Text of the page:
U.S. District Judge Rakoff ruled on whether copying legal filings amounts to copyright infringement.  His verdict: it does not.  Judge Rakoff granted summary judgment to defendants Lexis and Westlaw, dismissing plaintiffs’ allegation that reposting legal documents infringed plaintiffs’ copyrights.  Though the Court’s Order does not state the basis for the ruling, the defendants argued that the republishing of federal court documents, which are publicly available, represented fair use of the material.  For an earlier discussion of the matter’s initial filing, see Creative Lawyering.

Whether Judge Rakoff’s ruling represents the final word is yet to be seen, as the attorney class action plaintiffs previously made clear that they would appeal any unfavorable ruling to the Second Circuit.  Nonetheless, Judge Rakoff’s opinion rings loud and clear.  Speaking to plaintiffs last May, he commented “[y]ou are a brave soul to have made such a valiant stab at what I think is a creative, but perhaps too creative, attempt to glom the unregistered folks onto the much more colorable claims of the registered folks.”  For more, see Order.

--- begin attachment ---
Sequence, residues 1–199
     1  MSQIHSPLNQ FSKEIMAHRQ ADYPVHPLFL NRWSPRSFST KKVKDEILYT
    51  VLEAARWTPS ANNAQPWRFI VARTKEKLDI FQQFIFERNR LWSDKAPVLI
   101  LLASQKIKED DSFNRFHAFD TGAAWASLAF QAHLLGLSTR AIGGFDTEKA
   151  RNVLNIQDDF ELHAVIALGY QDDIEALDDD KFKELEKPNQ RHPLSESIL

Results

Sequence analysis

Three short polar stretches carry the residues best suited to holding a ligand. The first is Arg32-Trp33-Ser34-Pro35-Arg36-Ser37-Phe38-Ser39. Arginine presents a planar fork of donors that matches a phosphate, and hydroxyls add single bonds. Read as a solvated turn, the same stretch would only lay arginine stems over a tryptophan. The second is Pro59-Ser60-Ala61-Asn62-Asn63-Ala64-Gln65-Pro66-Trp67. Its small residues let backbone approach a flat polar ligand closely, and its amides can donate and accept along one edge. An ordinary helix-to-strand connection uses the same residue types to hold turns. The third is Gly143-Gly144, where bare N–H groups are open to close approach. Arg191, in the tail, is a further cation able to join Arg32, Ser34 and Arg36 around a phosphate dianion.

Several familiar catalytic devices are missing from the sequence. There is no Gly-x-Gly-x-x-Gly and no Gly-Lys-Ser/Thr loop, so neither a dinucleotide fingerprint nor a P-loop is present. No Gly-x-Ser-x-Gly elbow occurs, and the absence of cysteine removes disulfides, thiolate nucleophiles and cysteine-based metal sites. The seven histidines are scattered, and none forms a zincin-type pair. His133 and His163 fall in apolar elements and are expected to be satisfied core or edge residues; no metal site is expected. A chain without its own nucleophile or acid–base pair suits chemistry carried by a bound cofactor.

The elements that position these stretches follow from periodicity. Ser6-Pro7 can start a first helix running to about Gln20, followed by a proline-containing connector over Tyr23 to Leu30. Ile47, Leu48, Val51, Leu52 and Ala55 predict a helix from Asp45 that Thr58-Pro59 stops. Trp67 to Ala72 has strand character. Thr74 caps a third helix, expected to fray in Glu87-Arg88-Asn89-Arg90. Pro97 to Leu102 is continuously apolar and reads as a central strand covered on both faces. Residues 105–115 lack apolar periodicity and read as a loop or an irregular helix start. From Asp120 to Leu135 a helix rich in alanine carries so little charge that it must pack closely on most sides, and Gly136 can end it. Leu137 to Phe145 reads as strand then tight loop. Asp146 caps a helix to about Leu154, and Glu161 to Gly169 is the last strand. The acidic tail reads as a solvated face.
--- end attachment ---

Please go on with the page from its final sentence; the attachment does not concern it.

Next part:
The case is White et al. v. West Publishing Corp. et al., case number 1:12-cv-01340, in the U.S. District Court for the Southern District of New York.